Complete this assignment with the same team you worked with for Substitution (Written). You and your partner must each understand the answers to all the problems, so don't just split up the work.

For this assignment, we will use the Haskell programming language. The Glasgow Haskell Compiler (GHC) is freely available for most platforms and is installed on the CS department network. To start the interactive evaluator, simply run ghci.

Important Note: Yes, we realize that you don't know any Haskell. We expect that you'll spend much of your time on this assignment learning Haskell. Learning a new language shouldn't be that big of a deal. You are taking a programming languages course, after all.

Haskell has wonderful standard libraries which probably contain the function you're looking for. To see tree-style browsable docs, check out the Haskell Hierarchical Libraries . You should particularly take advantage of the Prelude, which is the set of functions that are "built in" to Haskell. You're welcome to use other functions; if you want to do so, you must put an import statement at the top of your code (there's an example in the template). Hoogle is a useful search engine for the Haskell API.

The following are library functions that you may find particularly helpful, and which are all in the Haskell Prelude:

Haskell FunctionScheme Analog
<, >, <=, >=<, >, <=, >=
take(returns a prefix of a list)
takeWhile(returns the prefix of a list satisfying a predicate)

Any function whose name begins with a symbolic character is an infix operator. Other binary functions can be used as infix operators by enclosing in backquotes (e.g., x `mod` y). Also, infix operators can be used as ordinary functions by enclosing them in parentheses (e.g., (!!) [1, 2, 3] 2).

Please submit a README file explaining how you tested your code. Actual test cases are preferable, but a clear summary of what you did will be sufficient as long as your code actually works as you claim it does.

Problem 1: Prime Numbers

  1. Write isPrime :: Integer -> Bool, which determines whether a given integer is prime.
  2. Define primes :: [Integer], the list of all primes.
  3. Revise isPrime so that it only tests divisibility by prime factors. Just turn in the revised version.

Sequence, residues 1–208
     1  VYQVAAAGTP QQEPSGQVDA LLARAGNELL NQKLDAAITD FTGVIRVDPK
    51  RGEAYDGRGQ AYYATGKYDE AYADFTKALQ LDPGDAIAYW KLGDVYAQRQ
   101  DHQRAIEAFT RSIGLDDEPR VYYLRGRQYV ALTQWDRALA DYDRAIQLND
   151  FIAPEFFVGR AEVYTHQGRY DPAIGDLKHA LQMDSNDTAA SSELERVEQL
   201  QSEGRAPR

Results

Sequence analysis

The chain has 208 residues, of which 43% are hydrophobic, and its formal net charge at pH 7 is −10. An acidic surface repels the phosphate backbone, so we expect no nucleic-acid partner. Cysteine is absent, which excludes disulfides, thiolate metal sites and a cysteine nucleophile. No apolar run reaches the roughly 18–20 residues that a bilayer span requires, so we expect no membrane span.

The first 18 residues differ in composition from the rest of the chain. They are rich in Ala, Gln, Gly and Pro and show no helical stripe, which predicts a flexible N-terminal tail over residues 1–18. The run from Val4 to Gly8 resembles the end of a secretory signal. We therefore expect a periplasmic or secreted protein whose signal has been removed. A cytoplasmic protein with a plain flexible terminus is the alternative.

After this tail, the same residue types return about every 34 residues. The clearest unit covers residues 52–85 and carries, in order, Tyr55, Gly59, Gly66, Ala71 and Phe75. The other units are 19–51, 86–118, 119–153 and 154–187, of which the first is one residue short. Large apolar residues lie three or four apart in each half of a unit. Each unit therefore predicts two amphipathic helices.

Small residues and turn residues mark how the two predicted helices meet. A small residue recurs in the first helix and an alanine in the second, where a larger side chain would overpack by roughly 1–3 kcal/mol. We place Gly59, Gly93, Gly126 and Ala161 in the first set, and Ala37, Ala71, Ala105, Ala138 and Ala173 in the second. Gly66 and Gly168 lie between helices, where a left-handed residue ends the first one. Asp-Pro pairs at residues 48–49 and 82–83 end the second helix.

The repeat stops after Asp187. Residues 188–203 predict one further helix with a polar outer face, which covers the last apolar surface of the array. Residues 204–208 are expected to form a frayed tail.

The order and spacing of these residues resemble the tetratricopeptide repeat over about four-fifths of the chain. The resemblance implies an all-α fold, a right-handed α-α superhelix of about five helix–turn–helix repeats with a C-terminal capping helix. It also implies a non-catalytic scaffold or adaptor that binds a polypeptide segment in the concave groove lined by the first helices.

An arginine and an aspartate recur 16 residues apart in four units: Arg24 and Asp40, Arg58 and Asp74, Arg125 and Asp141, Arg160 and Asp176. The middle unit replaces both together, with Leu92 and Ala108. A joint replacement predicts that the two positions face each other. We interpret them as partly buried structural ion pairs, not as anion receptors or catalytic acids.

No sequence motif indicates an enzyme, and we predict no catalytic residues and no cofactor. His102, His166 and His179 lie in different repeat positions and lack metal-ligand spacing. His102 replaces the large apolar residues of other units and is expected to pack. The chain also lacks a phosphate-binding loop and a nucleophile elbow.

Problem 2: Longest Common Subsequence

  1. Write buildList :: Int -> (Int -> a) -> [a], where ((buildList n f) !! i) == (f i) (for all i in [0 .. n-1]).
  2. Write buildTable :: Int -> Int -> (Int -> Int -> a) -> [[a]], where (((buildTable n m f) !! i) !! j) == (f i j) (for all i in [0 .. n-1], j in [0 .. m-1]).
  3. Write lcsLength :: String -> String -> Int, which quickly computes the length of the longest common subsequence of two strings s1 and s2. Hint: you can easily compute lcsLength (take i s1) (take j s2) from
    lcsLength (take (i-1) s1) (take   j   s2),
    lcsLength (take   i   s1) (take (j-1) s2), and 
    lcsLength (take (i-1) s1) (take (j-1) s2).
  4. and the knowledge of whether (s1 !! i) == (s2 !! j). Note that you will lose credit if you use a slow, "brute force" method; make use of your table!

Problem 3: Minimax Search

In this exercise, you will implement a strategy to play a simple game. The game is called Mancala, but you won't need to worry about the specific rules, since we have implemented that part for you. Your job is to build a tree of possible move sequences and choose the move that appears best.

The support code below provides the following set of data types and functions:

  1. Define a datatype GameTree to represent the game state after any sequence of moves. Each node should have its current configuration and a list of trees, where each tree corresponds to the game states obtainable after making any one legal move.
  2. Define mkTree :: State -> GameTree, which consumes a state and returns the tree of all legal board configurations (those obtainable by repeated application of nextStates to the given state). Use this to define mancala :: GameTree, the entire game of Mancala as a GameTree (remember that Player A goes first).
  3. Define prune :: Int -> GameTree -> GameTree, which prunes a tree to a given depth.
  4. Define minimax :: GameTree -> GameValue, which consumes a (pruned) tree and evaluates the configuration by looking ahead and applying the minimax algorithm. If a node has no children, its value is the gameValue of its State. Remember, Player A, Maxi, is always trying to get the maximum value, and Player B, Mini, is always trying to get the minimum value.

Support Code

Note that you must download both files (even for problems 1 and 2), and you must put them both in the same directory. To test your code interactively, first cd into the directory with your code, and then do ghci Laziness.hs at which point you should either see a parse error, type error, or this:

   ___         ___ _
  / _ \ /\  /\/ __(_)
 / /_\// /_/ / /  | |      GHC Interactive, version 6.6, for Haskell 98.
/ /_\\/ __  / /___| |
\____/\/ /_/\____/|_|      Type :? for help.

Loading package base ... linking ... done.
[1 of 2] Compiling Game             ( Game.hs, interpreted )
[2 of 2] Compiling Laziness         ( Laziness.hs, interpreted )
Ok, modules loaded: Game, Laziness.

ghci supports tab completion, which is a very handy feature.

A Haskell stub file for the problem set: Laziness.hs.

The support code for Problem 3: Game.hs. Remember, you need neither read nor understand this code.


Turn in one file, Laziness.hs.